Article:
Approximating these unknown functions (or degrees of freedom) between elements involves estimating the error between the step change between adjacent elements and the actual function. A model that minimizes this error estimation is one that most closely approximates the actual state of the domain.
FEA can be applied to three main types of problems:
Over the years, several “flavors” of FEA have been developed to address specific types of problems:
The use of FEM was once limited to large universities and research institutes in fields such as civil engineering and aerospace that could afford the supercomputers needed to perform the calculations. More recently, however, more-powerful and less-expensive computers have become available, and developments in CAD software and other tools have led to the adoption of FEM in a wide variety of industries to address an ever-increasing range of problems:
FEM can also be used to design devices such as fuel cells, advanced electric storage batteries, wind turbines, and next-generation electric motors that are needed to meet the world’s carbon-reduction needs.
As the uses of FEM and FEA expand, more development will be needed to increase the accuracy of these techniques in various niche applications. Software tools that are easier to use and feature faster performance will be needed as well. FEM is thus poised for explosive growth in its application in both new and traditional fields.
A lot of times, the applications on the market may be too generic for your specific needs. To get started, you will need a 3D Geometry Modeler to accurately model the problem space. Also, more often than not, the designs you want to simulate are created in CAD applications like CATIA or Solidworks.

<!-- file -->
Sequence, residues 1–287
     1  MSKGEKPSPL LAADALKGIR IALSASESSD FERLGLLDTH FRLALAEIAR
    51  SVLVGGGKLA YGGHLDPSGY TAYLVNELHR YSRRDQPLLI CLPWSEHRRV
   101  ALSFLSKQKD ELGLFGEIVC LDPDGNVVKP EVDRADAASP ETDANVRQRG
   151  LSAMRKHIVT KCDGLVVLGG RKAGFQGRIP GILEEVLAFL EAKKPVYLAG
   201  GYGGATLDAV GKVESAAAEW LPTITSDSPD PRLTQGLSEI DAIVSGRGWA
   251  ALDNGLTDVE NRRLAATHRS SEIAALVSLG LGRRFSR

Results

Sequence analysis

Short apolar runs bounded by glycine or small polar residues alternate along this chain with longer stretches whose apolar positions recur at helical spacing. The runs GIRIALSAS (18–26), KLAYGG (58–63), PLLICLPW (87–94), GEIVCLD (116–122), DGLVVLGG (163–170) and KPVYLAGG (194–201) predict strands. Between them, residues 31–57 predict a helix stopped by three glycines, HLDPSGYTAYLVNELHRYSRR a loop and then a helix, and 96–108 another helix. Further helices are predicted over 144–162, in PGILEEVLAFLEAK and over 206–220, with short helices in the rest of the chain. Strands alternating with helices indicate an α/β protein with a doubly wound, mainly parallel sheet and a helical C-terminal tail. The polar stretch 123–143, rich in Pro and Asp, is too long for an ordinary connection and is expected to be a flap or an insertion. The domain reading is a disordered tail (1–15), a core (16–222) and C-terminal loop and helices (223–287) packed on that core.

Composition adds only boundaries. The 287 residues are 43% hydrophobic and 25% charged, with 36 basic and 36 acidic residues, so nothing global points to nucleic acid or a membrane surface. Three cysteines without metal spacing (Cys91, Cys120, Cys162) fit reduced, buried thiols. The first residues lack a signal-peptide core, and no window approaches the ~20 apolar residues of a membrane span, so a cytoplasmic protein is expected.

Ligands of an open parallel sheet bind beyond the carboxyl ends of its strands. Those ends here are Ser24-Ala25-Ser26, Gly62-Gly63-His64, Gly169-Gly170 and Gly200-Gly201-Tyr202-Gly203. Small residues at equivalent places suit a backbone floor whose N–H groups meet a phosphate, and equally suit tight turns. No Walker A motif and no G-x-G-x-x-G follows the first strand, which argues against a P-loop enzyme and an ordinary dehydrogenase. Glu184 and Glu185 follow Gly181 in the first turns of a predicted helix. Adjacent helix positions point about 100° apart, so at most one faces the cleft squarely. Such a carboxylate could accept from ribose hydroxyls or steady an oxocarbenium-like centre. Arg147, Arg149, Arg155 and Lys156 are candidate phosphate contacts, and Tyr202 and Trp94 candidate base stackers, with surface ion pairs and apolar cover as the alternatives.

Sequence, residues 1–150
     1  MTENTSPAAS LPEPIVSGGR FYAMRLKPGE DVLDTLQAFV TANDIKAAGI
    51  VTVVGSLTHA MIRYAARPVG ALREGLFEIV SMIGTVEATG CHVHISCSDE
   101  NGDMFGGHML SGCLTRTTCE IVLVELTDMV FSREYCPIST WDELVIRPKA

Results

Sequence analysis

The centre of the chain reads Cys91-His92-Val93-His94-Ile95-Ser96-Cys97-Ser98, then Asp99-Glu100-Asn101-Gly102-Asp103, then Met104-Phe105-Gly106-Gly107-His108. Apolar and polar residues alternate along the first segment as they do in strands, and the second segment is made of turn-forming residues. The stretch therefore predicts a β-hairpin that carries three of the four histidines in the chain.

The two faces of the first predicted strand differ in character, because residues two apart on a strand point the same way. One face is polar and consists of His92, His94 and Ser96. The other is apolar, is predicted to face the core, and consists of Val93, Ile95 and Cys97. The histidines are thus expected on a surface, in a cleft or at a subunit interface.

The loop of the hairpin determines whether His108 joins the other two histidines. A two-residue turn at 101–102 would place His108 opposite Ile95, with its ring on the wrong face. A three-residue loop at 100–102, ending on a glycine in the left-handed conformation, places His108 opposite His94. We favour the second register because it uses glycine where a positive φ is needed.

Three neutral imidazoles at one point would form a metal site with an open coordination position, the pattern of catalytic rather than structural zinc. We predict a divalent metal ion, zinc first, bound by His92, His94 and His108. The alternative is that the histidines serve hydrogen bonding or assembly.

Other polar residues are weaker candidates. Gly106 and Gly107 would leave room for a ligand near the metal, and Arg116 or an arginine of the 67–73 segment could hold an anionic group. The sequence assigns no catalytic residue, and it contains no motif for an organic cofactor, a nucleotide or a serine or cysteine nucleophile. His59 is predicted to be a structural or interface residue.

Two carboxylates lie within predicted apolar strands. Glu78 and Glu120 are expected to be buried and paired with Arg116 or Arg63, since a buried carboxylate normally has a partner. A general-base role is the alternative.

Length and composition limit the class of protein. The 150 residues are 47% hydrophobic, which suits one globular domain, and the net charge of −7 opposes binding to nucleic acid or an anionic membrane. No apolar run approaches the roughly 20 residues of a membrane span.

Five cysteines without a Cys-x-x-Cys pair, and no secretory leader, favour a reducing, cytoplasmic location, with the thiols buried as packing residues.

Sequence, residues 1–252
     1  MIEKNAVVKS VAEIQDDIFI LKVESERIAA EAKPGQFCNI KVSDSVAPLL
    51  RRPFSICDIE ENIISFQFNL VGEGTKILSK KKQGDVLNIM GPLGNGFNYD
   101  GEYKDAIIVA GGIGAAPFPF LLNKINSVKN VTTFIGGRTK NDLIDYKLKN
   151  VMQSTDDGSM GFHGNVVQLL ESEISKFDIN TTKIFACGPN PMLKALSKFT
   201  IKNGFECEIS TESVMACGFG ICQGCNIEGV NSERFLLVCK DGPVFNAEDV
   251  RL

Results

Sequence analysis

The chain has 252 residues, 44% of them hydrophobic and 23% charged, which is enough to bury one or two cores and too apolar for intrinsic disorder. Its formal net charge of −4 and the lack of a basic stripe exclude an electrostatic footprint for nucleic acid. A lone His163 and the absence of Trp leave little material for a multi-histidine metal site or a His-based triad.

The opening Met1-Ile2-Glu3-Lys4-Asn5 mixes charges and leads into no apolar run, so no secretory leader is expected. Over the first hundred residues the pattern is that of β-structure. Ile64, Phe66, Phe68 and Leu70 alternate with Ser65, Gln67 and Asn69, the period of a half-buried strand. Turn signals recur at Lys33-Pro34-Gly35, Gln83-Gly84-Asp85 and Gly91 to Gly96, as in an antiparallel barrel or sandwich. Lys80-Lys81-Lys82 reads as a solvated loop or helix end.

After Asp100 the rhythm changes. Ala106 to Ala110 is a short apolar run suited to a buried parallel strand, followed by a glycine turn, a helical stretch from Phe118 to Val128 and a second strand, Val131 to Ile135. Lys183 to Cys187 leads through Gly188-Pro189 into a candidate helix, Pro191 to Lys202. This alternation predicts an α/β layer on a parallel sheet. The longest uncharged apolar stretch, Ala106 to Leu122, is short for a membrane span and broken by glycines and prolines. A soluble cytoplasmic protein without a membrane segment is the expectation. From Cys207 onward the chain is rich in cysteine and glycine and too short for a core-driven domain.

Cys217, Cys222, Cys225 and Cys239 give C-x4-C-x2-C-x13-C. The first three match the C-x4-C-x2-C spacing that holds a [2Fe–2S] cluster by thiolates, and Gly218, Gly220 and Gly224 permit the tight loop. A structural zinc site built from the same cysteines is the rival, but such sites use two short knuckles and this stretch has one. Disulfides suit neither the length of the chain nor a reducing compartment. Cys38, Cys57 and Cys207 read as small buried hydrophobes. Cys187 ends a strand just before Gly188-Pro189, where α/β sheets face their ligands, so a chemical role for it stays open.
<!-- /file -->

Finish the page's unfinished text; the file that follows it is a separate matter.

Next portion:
To import these models in your application, you will need a CAD Interoperability toolkit. Leveraging the 3D Modeler’s automatic feature recognition & removal, boolean and BRep deformation capabilities, you can make your user’s life quite easy.
We all remember that simulation assignment in school that seemed easy to finish at first but ended up taking days because there were too many unnecessary holes or fillets in the model that were slowing down your simulation and you had to manually remove them. Finally, one of the most important components in an FEM application is a mesher. A good mesher will be able to handle inaccuracies in the 3D model and produce reliable results on a consistent basis.